Tuesday, January 18, 2011

Careful What You Claim as "Yours"!

Earlier today, it was brought to my attention that my work had been used on another animator's demo reel; work that this animator had absolutely nothing to do with.

While I am not particularly concerned, as I am not using these shots for my own reel, I did want to take a moment to address this issue. Animation is a very difficult field, not only animating, but getting into an animation position. When you steal work from someone else, you risk that animator's credibility. If, for example, I were using these shots, and sent them to a potential employer after this animator did, they may not take the time to consider my work, assuming either that I am a liar, or simply that ONE of us is a liar and it's not worth the headache to determine which. In other words, it's this animator's word against mine, and while I hope that the rest of my reel would reflect ownership of those shots, it is not this animator's right to put me in that situation.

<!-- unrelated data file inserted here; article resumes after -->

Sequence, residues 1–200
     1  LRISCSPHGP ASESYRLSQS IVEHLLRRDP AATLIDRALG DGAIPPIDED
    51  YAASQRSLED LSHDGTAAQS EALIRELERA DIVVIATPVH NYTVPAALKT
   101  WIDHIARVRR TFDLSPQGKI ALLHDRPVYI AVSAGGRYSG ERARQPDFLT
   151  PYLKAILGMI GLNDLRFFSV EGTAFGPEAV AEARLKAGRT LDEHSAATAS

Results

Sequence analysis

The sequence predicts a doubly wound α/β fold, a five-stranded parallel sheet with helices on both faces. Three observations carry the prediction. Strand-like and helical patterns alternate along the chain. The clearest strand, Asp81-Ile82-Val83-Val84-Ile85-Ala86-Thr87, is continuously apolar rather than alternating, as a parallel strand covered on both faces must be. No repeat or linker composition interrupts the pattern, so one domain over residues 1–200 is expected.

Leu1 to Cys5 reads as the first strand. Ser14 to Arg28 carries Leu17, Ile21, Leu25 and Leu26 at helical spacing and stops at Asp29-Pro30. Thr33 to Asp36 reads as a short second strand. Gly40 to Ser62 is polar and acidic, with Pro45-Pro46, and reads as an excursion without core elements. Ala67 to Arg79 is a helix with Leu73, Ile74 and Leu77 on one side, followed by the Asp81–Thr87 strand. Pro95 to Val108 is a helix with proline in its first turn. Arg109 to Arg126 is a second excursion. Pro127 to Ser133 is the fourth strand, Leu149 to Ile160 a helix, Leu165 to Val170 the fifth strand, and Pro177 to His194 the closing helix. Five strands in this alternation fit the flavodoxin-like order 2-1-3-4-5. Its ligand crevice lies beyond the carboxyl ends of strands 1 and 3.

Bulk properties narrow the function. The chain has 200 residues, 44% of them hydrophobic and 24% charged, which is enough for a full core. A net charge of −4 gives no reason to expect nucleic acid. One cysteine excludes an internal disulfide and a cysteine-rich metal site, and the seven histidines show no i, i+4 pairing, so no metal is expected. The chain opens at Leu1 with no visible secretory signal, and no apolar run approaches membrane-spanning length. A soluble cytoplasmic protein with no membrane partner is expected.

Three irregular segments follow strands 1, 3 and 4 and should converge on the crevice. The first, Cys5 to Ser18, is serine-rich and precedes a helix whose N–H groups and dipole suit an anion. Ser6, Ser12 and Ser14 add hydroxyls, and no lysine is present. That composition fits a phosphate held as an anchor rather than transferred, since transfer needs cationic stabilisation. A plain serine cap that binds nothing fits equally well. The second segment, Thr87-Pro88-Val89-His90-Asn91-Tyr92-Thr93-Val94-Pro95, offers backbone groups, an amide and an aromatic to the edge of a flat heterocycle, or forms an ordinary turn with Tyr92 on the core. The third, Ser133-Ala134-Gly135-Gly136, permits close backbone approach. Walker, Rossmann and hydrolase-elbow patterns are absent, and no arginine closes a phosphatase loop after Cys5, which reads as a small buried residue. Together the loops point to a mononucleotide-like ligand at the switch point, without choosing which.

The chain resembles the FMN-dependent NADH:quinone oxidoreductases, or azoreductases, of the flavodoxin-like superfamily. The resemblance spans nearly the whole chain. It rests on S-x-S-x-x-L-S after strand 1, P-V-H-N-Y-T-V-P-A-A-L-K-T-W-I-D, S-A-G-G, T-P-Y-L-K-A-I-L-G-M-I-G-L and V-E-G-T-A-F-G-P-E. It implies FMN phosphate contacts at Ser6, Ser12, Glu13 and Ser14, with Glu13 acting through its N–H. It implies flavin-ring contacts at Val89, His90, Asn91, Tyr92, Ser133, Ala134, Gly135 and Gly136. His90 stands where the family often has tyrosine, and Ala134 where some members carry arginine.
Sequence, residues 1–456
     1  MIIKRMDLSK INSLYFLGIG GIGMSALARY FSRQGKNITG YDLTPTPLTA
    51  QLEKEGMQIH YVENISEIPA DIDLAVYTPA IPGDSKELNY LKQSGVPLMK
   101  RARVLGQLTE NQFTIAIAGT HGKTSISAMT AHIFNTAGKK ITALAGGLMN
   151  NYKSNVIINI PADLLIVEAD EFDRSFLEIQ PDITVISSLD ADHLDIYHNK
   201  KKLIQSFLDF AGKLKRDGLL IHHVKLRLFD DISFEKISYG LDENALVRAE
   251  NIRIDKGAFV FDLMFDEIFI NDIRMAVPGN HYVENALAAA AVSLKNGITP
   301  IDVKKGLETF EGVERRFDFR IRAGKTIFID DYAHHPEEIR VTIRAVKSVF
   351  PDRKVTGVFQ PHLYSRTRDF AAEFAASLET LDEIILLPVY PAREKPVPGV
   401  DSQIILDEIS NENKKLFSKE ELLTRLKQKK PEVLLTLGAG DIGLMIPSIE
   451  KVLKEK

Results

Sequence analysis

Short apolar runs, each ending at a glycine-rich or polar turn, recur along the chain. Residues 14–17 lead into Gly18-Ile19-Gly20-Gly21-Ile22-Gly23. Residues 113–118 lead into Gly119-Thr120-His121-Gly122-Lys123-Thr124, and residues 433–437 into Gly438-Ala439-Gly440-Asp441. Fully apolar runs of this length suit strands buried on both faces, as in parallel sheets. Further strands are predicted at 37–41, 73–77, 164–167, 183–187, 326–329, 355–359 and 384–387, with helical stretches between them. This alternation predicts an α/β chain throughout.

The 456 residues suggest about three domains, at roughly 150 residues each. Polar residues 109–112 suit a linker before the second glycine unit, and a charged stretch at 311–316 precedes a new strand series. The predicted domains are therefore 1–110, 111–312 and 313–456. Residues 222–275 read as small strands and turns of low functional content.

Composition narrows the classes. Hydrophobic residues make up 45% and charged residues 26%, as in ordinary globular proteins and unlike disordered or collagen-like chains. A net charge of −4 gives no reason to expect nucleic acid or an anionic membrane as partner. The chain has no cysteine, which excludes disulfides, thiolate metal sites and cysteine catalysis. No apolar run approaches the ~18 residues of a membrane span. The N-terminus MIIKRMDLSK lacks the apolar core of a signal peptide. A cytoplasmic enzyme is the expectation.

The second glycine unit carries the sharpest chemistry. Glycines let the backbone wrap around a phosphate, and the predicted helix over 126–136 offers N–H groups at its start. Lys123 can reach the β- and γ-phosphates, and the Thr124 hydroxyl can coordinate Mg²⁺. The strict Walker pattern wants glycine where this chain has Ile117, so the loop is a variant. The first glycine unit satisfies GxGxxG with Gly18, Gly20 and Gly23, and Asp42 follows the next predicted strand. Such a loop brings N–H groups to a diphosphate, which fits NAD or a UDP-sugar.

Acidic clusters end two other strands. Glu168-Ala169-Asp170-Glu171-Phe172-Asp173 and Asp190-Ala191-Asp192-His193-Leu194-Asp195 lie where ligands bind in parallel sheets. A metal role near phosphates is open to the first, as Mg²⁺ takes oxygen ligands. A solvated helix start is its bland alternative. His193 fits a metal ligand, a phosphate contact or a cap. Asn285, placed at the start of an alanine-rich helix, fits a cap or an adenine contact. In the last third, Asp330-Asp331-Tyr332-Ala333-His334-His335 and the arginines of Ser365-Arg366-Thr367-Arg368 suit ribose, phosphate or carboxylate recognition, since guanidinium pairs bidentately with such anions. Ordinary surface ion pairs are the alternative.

The animation community is a family. If you want proof, go to an Animation Mentor barbecue. Animators love each other, and they protect each other. Stealing work from one of us is like stealing work from all of us -- it will come back to bite you, so be very careful what you call your own.

2 comments:

Dapoon said...

sn't it frustrating to know that all your hardwork, all your sleepless nights can go down the drain in just a blink of an eye just because some smarta** thought your shots could look cool in his reel? I too had been a victim.

And to protect my work, I don't really like using watermark since it gets distracting and kinda kills the beauty of the work. You could try copywriting your works using websites like myows.com or 'Creative commons'. I use myows.com. You can check out their website and see how they function.

G1toons said...

I had the same thing happen to me, the individual actually got a job with my work, but I use a watermark now for my online content